Whooping cough is only one of numerous potentially deadly illnesses that can be effectively diminished by vaccination schedules. In addition to keeping kids safe from these diseases, vaccines also can help when diagnosing a sick child.

“When your child gets sick, being fully vaccinated helps your doctor simplify the evaluation and can lead to a quicker, more accurate diagnosis,” said Bonwit.

“Though no one likes to get shots, vaccines are an integral part of keeping kids and our community safe,” said Heidi Renner, primary care physician at Loyola University Health System. “They work to safeguard children from illnesses and death caused by infectious diseases and protect our kids by helping prepare their bodies to fight often serious and potentially deadly diseases,”

Vaccines have helped to nearly eradicate many of the diseases that were leading causes of death in children only a few decades ago.

Extradited drug suspect
was known as the queen

By the A.M. Costa Rica wire services

A Mexican woman accused of being a high-ranking drug trafficker has been extradited to the United States to face drug charges.

U.S. authorities took custody of Sandra Avila in the city of Toluca Thursday and transported her to Miami, where she was to appear before a federal judge on cocaine trafficking charges.

Ms. Avila, known as the Queen of the Pacific, is accused of belonging to an organization that transported cocaine from Colombia to the United States during the 1990s. She was arrested in Mexico City in 2007, and was awaiting trial on organized crime and money laundering charges.

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Plate restrictions suspended
for el Día de la Madre

By the A.M. Costa Rica staff

Those taking Mom out for lunch Wednesday will not have to worry about the last number on the vehicle license plate.

The Policía de Tránsito said that the license plate restrictions will be suspended because Wednesday,  el Día de la Madre, is a national holiday.

Usually restrictions are in place in the metro area from 6 a.m. to 7 p.m. Wednesdays vehicles with the last digit on the plate of 5 or 6 are prohibited during those hours.

Wednesday is a holiday in which employers must pay their employees and give them the day off. Although the law says that the day may not be swapped for another, many employees agree to take the Friday off instead of the Wednesday.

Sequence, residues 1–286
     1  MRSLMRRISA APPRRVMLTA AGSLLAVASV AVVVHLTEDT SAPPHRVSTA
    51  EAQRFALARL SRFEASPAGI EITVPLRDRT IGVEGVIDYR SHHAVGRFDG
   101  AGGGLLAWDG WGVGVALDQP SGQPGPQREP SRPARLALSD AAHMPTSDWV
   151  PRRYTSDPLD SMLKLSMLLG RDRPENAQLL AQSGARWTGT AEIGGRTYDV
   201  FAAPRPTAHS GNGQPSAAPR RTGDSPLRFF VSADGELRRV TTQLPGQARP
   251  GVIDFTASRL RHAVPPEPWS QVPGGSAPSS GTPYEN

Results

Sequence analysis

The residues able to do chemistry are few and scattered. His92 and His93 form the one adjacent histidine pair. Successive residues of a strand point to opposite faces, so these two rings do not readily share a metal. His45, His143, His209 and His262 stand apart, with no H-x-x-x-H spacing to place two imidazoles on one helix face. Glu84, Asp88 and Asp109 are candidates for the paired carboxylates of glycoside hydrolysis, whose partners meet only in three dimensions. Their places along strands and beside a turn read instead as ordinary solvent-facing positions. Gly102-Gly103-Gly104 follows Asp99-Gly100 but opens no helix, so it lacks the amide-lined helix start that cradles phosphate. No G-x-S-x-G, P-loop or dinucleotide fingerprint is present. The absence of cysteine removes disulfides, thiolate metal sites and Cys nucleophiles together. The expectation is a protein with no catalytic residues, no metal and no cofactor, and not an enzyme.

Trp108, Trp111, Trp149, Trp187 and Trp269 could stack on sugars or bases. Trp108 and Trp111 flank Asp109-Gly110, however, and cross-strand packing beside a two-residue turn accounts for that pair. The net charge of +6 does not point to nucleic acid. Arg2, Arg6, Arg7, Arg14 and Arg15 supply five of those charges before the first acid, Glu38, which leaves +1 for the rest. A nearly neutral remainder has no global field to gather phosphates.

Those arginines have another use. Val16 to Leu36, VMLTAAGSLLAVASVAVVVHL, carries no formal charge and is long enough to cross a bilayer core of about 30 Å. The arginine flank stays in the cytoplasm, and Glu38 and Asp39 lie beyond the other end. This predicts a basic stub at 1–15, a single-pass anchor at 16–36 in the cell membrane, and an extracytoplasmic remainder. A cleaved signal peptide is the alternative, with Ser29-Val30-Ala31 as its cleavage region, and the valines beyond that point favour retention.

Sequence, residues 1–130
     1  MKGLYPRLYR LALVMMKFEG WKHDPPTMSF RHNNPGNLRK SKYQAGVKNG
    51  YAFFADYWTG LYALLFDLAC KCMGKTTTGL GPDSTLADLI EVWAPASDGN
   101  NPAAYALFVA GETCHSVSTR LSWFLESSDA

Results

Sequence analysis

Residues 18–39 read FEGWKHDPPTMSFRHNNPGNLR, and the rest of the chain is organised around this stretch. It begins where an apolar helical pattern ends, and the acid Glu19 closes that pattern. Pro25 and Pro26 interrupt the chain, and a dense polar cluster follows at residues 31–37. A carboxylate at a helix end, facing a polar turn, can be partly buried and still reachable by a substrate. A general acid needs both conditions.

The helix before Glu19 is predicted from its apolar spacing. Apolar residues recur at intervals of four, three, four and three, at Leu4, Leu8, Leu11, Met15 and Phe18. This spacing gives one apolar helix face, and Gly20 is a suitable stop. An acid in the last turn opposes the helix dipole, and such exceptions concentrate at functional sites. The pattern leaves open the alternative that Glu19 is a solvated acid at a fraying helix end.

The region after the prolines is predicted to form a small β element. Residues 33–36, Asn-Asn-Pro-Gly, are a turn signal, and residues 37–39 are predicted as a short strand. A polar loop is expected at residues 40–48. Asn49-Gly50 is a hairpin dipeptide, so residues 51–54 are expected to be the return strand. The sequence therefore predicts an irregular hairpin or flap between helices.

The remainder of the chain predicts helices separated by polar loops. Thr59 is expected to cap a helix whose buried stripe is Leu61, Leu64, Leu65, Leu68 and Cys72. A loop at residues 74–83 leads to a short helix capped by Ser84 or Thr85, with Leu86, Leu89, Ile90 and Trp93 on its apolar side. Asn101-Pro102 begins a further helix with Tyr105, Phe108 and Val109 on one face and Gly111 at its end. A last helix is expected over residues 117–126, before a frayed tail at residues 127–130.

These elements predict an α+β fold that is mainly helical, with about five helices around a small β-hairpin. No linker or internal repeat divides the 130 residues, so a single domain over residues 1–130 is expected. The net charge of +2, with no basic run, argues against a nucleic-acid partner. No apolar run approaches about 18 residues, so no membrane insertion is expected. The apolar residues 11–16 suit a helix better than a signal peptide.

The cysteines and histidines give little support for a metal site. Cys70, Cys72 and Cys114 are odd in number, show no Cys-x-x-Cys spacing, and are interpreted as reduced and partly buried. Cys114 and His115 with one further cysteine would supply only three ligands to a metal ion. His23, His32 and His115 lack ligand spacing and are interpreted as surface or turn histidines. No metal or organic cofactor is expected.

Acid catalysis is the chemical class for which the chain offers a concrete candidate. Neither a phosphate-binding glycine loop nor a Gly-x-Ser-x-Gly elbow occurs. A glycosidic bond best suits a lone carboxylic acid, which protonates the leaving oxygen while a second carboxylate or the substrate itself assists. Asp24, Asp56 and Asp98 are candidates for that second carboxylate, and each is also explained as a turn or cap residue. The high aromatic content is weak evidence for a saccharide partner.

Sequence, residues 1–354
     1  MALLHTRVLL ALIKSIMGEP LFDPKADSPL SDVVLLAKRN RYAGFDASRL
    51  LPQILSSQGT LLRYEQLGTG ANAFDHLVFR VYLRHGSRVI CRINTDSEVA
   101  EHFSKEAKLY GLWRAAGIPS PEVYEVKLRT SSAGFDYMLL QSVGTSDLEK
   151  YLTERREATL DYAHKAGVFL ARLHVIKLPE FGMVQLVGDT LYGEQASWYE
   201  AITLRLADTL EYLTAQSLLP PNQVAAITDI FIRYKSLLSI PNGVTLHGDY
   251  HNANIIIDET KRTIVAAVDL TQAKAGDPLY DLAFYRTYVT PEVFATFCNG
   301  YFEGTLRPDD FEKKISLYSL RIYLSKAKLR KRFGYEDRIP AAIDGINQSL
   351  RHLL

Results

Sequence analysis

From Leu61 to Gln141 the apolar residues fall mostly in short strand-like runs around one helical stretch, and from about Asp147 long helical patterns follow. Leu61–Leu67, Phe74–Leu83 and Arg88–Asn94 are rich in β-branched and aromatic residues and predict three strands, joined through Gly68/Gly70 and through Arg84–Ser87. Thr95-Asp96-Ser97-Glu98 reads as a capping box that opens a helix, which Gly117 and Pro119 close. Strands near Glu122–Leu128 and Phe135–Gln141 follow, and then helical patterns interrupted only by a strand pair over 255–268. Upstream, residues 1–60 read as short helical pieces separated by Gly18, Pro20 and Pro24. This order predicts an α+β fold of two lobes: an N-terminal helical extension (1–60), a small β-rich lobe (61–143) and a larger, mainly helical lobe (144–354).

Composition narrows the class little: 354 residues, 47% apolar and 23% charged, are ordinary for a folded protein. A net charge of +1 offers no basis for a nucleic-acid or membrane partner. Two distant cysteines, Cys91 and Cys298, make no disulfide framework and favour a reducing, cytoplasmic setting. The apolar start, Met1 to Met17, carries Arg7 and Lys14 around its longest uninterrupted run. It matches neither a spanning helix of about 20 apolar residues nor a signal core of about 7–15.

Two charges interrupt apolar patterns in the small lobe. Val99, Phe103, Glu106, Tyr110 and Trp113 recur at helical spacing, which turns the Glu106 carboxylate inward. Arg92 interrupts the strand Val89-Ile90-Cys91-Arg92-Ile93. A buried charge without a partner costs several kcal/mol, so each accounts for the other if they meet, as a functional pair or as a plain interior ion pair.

Those who work Wednesday are supposed to be paid double.

Ban creates new U.N. agency
for Law of Sea Treaty

Special to A.M. Costa Rica

Secretary General Ban Ki-moon has launched a new initiative to protect the oceans and the people whose livelihoods depend on it, and called on countries to work together to achieve a more sustainable management of this precious resource and address the threats it is currently facing.

"The seas and oceans host some of the most vulnerable and important ecosystems on earth, but the diversity of life they host is under ever-increasing strain," Ban said at an event in the city of Yeosu in the Republic of Korea to commemorate the 30th anniversary of the opening for signature of the U.N. Convention on the Law of the Sea.

The Convention, also known as the constitution of the oceans, governs all aspects of ocean space, from delimitation of maritime boundaries, environmental regulations, scientific research, commerce and the settlement of international disputes involving marine issues. It was first opened for signature in 1982 and entered into force in 1994; there are 162 parties to it -- 161 states and the European Union. The United States has not accepted the treaty.

Ban praised the achievements of the convention in helping countries establish a legal framework to guide the management of the oceans, the settlement of disputes, and the administration of the international seabed.

"Among its principles, the Law of the Sea recognizes that all ocean issues are related and that they need to be addressed as a whole," Ban said, adding that this is in line with the development framework put forward at the U.N. Conference on Sustainable Development in June in Rio de Janeiro, Brazil. The event is known as  Rio+20.

However, Ban also emphasized the need to address multiple issues that threaten the marine environment. To do this, he announced the launch of the Oceans Compact, which will seek to support and strengthen the implementation of the Law of the Sea.

"What we need is to create new momentum for ocean sustainability," Ban said. "The Oceans Compact sets out a strategic vision for the U.N. System to deliver more coherently and effectively on its oceans-related mandates, consistent with the Rio+20 outcome."

The Compact, Ban added, will provide a platform to help countries protect the ocean's natural resources, restore their full food production to help people's whose livelihoods depend on the sea, and increase awareness and knowledge about the management of the oceans.

To achieve the objectives of the Compact, Ban proposed a results-oriented action plan along with the creation of an ocean advisory group made up of high-level policy makers, scientists and experts, as well as representatives of the private sector and civil society.